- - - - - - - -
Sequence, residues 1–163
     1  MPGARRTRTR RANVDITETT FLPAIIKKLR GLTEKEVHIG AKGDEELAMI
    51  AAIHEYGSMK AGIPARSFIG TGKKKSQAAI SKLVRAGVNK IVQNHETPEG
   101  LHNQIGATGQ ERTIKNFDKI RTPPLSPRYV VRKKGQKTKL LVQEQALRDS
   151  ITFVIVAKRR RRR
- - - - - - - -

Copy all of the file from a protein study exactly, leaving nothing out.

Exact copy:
Sequence, residues 1–163
     1  MPGARRTRTR RANVDITETT FLPAIIKKLR GLTEKEVHIG AKGDEELAMI
    51  AAIHEYGSMK AGIPARSFIG TGKKKSQAAI SKLVRAGVNK IVQNHETPEG
   101  LHNQIGATGQ ERTIKNFDKI RTPPLSPRYV VRKKGQKTKL LVQEQALRDS
   151  ITFVIVAKRR RRR